How To Buy Fuses For Home Electrical

Fuses monitor electrical currents and make sure they operate within safe levels to prevent fires


Fuses are used in everything from automobiles and computers to appliances and home wiring systems. If they detect unsafe levels, fuses break the connection to prevent wire damage from occurring and reduce the risk of electrical fires.

This buying guide highlights the different types of fuses, along with ratings and selection tips.

Fuse Types

Fuses contain small wires that allow current to flow across uninterrupted, until unsafe levels are detected

  • Plug fuses have a threaded base that looks like the base of a traditional light bulb. It is important to match the specs of the existing fuse to the replacement fuse to avoid dangerous current levels.
  • Tamper-proof, or type-S, fuses provide protection by using special adapters in the fuse box. They screw into the fuse opening and only accommodate one size, making it impossible to insert a fuse that is not rated appropriately.
  • Cartridge fuses have a cylindrical body with metal end caps, which connect with a wire inside the body. Once snapped into the electrical panel, the connection is complete, enabling the current to flow.
  • Cartridge fuses are normally used for more demanding applications such as water heaters and clothes dryers that require higher current loads.
  • Time-delay fuses are rated on how long they can withstand higher current levels before breaking. These should always be used in motor-driven devices, along with fuses that are rated as dual element that allow for even longer time delays by absorbing extraneous heat and taking pressure off the main wire upon start up.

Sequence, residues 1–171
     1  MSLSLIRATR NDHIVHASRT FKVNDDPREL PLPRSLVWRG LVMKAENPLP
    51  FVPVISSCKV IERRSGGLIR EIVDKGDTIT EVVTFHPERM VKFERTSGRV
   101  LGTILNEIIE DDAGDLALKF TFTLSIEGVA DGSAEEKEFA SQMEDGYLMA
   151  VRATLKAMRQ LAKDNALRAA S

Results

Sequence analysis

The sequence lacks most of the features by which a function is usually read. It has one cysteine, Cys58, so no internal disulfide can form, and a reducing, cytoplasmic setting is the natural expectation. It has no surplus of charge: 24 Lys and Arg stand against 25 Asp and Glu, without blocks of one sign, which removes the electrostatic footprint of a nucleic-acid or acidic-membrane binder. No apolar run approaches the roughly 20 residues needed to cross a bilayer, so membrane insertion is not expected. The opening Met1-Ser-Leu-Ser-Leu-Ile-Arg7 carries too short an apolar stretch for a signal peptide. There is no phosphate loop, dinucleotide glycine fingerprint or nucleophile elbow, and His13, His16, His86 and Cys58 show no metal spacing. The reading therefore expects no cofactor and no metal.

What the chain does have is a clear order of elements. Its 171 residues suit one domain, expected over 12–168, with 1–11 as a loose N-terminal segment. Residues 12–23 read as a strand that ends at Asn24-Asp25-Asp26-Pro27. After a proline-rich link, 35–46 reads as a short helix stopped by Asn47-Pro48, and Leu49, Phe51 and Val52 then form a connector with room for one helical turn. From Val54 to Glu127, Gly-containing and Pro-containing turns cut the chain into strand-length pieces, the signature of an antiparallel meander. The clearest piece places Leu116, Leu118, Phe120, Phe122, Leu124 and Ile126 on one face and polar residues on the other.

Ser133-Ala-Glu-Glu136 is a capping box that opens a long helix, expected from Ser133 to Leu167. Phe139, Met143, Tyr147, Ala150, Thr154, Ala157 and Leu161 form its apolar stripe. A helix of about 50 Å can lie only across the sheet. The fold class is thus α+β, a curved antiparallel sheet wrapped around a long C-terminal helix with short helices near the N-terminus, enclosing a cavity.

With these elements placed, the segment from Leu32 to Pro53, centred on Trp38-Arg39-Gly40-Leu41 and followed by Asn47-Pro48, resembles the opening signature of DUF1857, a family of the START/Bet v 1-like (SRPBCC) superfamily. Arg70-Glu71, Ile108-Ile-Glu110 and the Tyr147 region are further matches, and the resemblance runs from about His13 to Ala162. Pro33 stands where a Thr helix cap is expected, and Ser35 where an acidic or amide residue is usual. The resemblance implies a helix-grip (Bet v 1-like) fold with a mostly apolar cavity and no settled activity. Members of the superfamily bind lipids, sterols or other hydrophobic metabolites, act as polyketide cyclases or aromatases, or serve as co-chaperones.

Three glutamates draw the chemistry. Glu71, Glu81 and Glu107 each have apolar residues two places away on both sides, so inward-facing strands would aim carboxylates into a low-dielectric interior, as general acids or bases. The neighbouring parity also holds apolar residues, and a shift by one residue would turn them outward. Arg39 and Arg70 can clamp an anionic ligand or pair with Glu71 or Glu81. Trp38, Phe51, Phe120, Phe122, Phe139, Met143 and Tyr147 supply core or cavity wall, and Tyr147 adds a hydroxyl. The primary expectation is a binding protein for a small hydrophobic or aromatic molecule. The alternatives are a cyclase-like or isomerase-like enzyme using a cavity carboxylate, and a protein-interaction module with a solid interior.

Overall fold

Rating and Selection

To ensure you’re using the right fuse, it is important to understand the significance of ratings:

Rating Indicates Selection Tips


The level of electrical current the fuse can withstand without melting

  • Referred to as “amps”
  • Rating is stamped directly on the fuse
  • Match replacement fuses to the existing fuse’s exact amperage rating

Interrupting Rate

Determines the highest current at the rated voltage that must be reached before a fuse will break the circuit

  • This rate is typically higher than the amperage rating
  • Indicates the level of protection present in a fuse under normal conditions


Determines how long the fuse can sustain an overload before breaking the circuit

  • Units with a dual element often allow for longer time delays
  • Fast-acting units break more quickly and help protect sensitive devices


The maximum voltage a fuse is designed to interrupt

  • Always choose a fuse that is equal to or higher than the voltage in the circuit
  • Fuses not rated to handle incoming voltage levels may be unable to interrupt the circuit